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Madras HC- Why should India not decriminalise homosexuality ?

Madras HC asks pertinent question: Why should India not decriminalise homosexuality?
The judge also sought to know whether the Centre had taken any decision on deletion of Section 377 of IPC.
PTI| Monday, February 1, 2016 – 08:18

The Centre must consider granting LGBT (Lesbians, Gays, Bisexuals, Transgenders) people a special status and recognise them as a separate group for safeguarding their rights, including right of privacy, the Madras High Court said.

The court order came ahead of the hearing by the Supreme Court in an open court on February 2 which is a curative petition of gay activists challenging its verdict criminalising homosexuality in the country.

In his recent orders on two matrimonial discord cases involving a gay in one case and lesbian in the other, Justice N Kirubakaran said lack of statutory protection for LGBT people has started affecting the very social institution of marriage.

“When more than 30 countries, including a conservative nation like Ireland, have decriminalised homosexuality and legalised gay marriage by way of referendum, getting 62.07 per cent votes in favour, why not India decriminalise homosexuality?”, he asked.

“Why not the central government amend marriage laws to include the homosexuality as valid ground for divorce, as gays and lesbians cannot exhibit interest on the opposite sex which is required for consummation of marriage”.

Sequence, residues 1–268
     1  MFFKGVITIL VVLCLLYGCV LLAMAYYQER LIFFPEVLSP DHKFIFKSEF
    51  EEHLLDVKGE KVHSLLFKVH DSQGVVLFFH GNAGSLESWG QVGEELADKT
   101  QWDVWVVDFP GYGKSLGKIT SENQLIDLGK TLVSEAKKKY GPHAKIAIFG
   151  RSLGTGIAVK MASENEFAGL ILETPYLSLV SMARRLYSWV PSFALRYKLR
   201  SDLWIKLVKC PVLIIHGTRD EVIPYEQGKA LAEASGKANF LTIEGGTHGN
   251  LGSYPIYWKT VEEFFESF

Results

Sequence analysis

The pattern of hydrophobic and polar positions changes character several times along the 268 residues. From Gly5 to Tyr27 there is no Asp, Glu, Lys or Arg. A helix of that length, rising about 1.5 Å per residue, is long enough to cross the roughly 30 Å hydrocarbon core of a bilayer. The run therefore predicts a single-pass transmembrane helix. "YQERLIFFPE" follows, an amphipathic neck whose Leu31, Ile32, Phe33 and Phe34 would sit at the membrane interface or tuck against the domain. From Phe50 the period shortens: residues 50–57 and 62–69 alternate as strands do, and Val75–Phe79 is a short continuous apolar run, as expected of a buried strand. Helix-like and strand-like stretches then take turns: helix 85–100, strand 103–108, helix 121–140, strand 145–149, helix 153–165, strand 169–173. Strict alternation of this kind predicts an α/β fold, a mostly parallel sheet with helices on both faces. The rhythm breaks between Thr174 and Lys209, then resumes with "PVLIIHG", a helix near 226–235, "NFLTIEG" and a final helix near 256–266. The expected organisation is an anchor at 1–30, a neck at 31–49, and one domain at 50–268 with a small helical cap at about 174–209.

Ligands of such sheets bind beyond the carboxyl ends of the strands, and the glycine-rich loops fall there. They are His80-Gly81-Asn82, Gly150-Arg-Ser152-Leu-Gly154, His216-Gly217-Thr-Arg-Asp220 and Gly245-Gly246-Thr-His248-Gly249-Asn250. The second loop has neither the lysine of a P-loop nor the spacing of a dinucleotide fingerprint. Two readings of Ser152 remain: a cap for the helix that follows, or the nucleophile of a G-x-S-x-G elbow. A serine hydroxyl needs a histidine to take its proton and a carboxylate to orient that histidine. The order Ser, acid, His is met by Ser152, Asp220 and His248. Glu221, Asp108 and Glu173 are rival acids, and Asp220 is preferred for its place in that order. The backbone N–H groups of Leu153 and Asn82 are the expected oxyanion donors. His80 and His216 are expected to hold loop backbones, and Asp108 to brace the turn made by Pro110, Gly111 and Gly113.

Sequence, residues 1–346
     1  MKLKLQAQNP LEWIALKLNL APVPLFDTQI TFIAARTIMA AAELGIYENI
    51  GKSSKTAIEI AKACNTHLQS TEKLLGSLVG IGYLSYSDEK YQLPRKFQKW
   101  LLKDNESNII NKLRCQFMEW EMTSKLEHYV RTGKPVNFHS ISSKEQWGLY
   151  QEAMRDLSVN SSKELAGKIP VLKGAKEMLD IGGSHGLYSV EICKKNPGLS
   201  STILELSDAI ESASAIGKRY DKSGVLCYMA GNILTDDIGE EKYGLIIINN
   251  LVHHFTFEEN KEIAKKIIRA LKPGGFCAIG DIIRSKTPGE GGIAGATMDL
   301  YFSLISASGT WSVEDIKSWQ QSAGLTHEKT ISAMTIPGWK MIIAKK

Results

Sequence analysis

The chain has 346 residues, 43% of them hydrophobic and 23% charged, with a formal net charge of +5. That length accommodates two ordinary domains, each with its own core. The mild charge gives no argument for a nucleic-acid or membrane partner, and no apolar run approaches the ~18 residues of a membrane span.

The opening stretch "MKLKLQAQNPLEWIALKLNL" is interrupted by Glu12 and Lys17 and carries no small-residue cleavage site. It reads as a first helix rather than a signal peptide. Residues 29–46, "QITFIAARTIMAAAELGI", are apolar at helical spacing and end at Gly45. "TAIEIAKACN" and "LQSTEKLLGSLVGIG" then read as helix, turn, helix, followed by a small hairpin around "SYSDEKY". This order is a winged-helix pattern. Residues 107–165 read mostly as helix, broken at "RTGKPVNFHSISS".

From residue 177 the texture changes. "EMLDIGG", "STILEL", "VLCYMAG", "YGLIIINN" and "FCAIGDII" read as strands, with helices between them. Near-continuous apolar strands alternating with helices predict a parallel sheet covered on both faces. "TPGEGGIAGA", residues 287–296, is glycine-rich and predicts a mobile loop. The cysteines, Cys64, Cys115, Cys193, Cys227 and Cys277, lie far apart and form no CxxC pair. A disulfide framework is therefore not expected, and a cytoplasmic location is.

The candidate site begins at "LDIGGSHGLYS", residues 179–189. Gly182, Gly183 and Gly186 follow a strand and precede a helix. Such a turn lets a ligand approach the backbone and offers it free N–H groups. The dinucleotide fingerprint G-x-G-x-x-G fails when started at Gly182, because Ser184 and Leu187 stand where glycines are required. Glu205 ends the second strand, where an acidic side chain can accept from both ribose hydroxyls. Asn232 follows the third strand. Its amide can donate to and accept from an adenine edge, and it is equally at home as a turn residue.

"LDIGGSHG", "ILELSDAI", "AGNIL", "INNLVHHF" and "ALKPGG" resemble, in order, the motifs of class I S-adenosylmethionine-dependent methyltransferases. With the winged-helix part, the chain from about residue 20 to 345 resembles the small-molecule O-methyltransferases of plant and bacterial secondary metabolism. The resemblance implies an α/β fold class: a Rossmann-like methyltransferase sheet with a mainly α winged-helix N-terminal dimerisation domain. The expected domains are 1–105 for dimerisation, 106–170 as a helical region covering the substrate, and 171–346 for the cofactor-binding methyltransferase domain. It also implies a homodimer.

The Centre, which was directed to file its response by July last year, is yet to file the affidavit.

When sexual orientation exhibited by majority persons was accepted by all, why not the sexual orientation of a section of people be recognised (statutorily), as they have different expression of human sexuality, the judge asked.

“Could LGBT be considered as offenders merely for having exhibited their natural sexual orientation and their sexual acts, which are different,” the judge wondered and said he was “shocked” to notice non-consummation of marriages because either of the spouses was either ‘gay’ or ‘lesbian’.

Taking judicial note of wide prevalence of same sex relationships in the country, and the adverse impact it had on families, the judge impleaded the union ministries of law and justice and family welfare as parties to the proceedings.

By a separate order, he also made the law commission of India also a party to the case.

The judge also sought to know whether the Centre had taken any decision on deletion of Section 377 of IPC (unnatural offences) from the statute book, as suggested by the Supreme Court in Sureshkumar Koushal vs NAZ Foundation case, or whether it proposed to amend the section by introducing a provision to clarify that nothing contained in the clause should apply to any sexual activity between two consenting adults in private as per the 2009 Delhi High Court judgement.

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